// Option #1 - Defined via annotation. @RestResource(serializers={JsonSerializer.class, XmlSerializer.class}) public class MyResource { // Option #2 - Defined via builder passed in through resource constructor. public MyResource(RestContextBuilder builder) throws Exception { // Using method on builder. builder.serializers(JsonSerializer.class, XmlSerializer.class); // Same, but use pre-instantiated parsers. builder.serializers(JsonSerializer.DEFAULT, XmlSerializer.DEFAULT); // Same, but using property. builder.set(REST_serializers, JsonSerializer.class, XmlSerializer.class); } // Option #3 - Defined via builder passed in through init method. @RestHook(INIT) public void init(RestContextBuilder builder) throws Exception { builder.serializers(JsonSerializer.class, XmlSerializer.class); } // Override at the method level. @RestMethod(serializers={HtmlSerializer.class}) public MyPojo myMethod() { // Return a POJO to be serialized. return new MyPojo(); } }

See Also:

7.14 - Parsers

REST resources use the Parser API for defining parsers for parsing request body content and converting them into POJOs.

The servlet will pick which parser to use by matching the request Content-Type header with the media types defined through the Parser.getMediaTypes() method.

Parsers can be associated with REST servlets in the following ways:

The following are all equivalent ways of defining parsers used by a resource:

// Option #1 - Defined via annotation. @RestResource(parsers={JsonParser.class, XmlParser.class}) public class MyResource { // Option #2 - Defined via builder passed in through resource constructor. public MyResource(RestContextBuilder builder) throws Exception { // Using method on builder. builder.parsers(JsonParser.class, XmlParser.class); // Same, but use pre-instantiated parsers. builder.parsers(JsonParser.DEFAULT, XmlParser.DEFAULT); // Same, but using property. builder.set(REST_parsers, JsonParser.class, XmlParser.class); } // Option #3 - Defined via builder passed in through init method. @RestHook(INIT) public void init(RestContextBuilder builder) throws Exception { builder.parsers(JsonParser.class, XmlParser.class); } // Override at the method level. @RestMethod(parsers={HtmlParser.class}) public Object myMethod(@Body MyPojo myPojo) { // Do something with your parsed POJO. } }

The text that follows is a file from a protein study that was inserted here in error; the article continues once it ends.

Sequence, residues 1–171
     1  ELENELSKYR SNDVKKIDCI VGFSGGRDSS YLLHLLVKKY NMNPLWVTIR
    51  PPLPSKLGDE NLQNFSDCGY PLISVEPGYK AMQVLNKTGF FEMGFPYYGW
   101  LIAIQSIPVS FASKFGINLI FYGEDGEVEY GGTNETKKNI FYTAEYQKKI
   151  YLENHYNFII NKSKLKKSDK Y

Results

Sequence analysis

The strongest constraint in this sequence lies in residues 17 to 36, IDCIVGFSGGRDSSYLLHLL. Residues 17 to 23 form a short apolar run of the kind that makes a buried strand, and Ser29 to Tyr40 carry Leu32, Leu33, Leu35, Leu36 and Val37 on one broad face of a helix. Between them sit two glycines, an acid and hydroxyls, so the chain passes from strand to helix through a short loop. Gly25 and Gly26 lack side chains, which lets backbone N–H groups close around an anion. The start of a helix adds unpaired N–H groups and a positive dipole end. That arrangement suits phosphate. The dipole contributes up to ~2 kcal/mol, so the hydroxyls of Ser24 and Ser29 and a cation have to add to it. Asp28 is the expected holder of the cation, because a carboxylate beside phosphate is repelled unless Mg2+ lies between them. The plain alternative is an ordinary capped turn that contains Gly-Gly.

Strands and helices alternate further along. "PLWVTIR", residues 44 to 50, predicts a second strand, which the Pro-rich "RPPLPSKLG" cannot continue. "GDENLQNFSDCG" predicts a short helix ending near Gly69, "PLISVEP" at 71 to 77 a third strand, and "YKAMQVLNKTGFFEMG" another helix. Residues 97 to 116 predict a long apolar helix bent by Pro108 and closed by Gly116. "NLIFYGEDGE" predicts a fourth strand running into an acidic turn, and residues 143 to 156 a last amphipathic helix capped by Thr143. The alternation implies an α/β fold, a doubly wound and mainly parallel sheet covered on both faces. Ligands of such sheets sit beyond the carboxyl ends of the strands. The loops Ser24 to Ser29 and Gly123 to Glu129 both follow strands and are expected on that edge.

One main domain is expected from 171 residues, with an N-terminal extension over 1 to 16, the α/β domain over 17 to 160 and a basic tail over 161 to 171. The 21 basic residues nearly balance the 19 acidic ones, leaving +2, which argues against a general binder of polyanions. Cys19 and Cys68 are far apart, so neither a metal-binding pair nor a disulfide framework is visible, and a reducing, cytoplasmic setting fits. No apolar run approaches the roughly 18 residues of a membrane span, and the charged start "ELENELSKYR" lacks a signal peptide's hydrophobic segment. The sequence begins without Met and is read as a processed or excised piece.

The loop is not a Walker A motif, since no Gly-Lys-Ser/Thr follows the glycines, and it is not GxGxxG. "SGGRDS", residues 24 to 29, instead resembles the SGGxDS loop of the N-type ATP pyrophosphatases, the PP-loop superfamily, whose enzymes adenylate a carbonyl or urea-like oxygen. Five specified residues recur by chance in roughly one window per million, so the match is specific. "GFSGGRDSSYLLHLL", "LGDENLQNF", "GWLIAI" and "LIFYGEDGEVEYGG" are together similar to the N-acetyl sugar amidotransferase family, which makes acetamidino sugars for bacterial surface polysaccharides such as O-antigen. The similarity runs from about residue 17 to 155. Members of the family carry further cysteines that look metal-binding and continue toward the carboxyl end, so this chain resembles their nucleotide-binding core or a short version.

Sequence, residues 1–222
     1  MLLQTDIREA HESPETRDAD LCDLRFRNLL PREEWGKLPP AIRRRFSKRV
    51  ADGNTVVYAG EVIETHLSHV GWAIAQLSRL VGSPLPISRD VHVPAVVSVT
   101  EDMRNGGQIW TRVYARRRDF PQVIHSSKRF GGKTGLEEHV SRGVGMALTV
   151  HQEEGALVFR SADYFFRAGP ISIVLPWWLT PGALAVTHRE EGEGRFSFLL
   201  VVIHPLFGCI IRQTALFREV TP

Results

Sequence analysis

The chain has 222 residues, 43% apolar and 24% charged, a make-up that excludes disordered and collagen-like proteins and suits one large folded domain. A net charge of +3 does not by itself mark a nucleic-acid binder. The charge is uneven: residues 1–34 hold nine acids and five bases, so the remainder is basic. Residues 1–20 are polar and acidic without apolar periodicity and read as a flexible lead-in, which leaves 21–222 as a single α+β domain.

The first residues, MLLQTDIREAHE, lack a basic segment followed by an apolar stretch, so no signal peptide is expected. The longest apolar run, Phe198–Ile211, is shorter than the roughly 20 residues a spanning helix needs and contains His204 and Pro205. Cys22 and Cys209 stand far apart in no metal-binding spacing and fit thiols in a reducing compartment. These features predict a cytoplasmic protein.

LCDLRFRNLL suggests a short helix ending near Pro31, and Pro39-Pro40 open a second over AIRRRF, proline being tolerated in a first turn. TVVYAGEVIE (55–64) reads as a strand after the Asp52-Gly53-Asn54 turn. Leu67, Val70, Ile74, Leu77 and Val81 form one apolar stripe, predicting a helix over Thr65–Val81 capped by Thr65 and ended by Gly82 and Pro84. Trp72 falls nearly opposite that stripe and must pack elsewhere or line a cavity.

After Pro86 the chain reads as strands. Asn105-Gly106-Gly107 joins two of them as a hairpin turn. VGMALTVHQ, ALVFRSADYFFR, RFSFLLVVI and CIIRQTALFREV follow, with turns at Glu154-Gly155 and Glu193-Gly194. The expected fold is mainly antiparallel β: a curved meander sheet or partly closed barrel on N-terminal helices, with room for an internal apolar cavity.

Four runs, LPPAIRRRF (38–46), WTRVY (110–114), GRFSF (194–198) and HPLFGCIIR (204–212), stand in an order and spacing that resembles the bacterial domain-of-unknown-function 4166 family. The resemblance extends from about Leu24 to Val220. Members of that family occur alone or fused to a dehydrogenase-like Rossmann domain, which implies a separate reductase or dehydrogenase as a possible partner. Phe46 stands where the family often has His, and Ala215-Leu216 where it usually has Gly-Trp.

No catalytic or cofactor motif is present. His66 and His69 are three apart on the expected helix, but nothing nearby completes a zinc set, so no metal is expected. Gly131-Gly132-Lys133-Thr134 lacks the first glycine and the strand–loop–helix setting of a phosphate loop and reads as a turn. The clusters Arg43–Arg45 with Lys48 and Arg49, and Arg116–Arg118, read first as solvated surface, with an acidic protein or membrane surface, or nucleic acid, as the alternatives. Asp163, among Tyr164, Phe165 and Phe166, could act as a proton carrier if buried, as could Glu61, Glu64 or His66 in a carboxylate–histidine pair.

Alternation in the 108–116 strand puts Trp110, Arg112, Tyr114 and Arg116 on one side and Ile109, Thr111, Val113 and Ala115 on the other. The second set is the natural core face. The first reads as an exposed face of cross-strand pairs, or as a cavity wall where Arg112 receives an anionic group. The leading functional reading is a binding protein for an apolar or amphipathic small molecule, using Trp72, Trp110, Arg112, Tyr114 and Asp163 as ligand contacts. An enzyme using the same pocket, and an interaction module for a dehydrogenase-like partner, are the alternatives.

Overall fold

See Also:

7.15 - Properties

As shown in previous sections, Juneau serializers and parsers are highly-configurable through properties. (See Configurable Properties)

These properties can be defined for serializers and parsers registered on a REST resource via the following:

Example:

import static org.apache.juneau.BeanContext.*; import static org.apache.juneau.serializer.Serializer.*; import static org.apache.juneau.json.JsonSerializer.*; // Servlet with properties applied @RestResource( properties={ // Bean properties should be sorted alphabetically. @Property(name=BEAN_sortProperties, value="true"), // Nulls should not be serialized @Property(name=SERIALIZER_trimNulls, value="true"), // Solidus characters should be escaped in JSON @Property(name=JSON_escapeSolidus, value="true") } ) public MyRestServlet extends BasicRestServlet {...}

The programmatic equivalent to this is:

// Servlet with properties applied @RestResource(...) public MyRestServlet extends BasicRestServlet { public MyRestServlet(RestContextBuilder builder) { builder .sortProperties(); // Note: RestContextBuilder extends from BeanContextBuilder .set(SERIALIZER_trimNulls, true); .set(JSON_escapeSolidus, true); } }

Properties can also be overridden at the Java method level:

// GET method with method-level properties @RestMethod( name=GET, path="/*", properties={ // Bean properties should be sorted alphabetically. @Property(name=BEAN_sortProperties, value="true"), // Nulls should not be serialized @Property(name=SERIALIZER_trimNulls, value="true"), // Solidus characters should be escaped in JSON @Property(name=JSON_escapeSolidus, value="true") } public Object doGet() { ... }

Using the RequestProperties object:

// Access it from RestRequest. public Object doGet(RestRequest req) { RequestProperties properties = req.getProperties(); properties.put(JSON_escapeSolidus, true); } // Or just pass in a RequestProperties object. public Object doGet(RequestProperties properties) { properties.put(JSON_escapeSolidus, true); }

Properties set via RequestProperties are session-override properties that are passed in through SerializerSessionArgs and ParserSessionArgs and can only be used on configuration settings marked as Session property: true.

Properties are open-ended and can be used for other purposes.
They're made available through the following methods:

See Also:

7.16 - Transforms

The Juneau serializers and parsers can be configured on how to handle POJOs through the use of Transforms. (See Transforms)

Transforms are associated serializers and parsers registered on a REST resource via the following:

// Servlet with transforms applied @RestResource( pojoSwaps={ // Calendars should be serialized/parsed as ISO8601 date-time strings CalendarSwap.DEFAULT_ISO8601DT.class, // Byte arrays should be serialized/parsed as BASE64-encoded strings ByteArrayBase64Swap.class }, beanFilters={ // Subclasses of MyInterface will be treated as MyInterface objects. // Bean properties not defined on that interface will be ignored. } ) public MyRestServlet extends BasicRestServlet {...}

The programmatic equivalent to this is: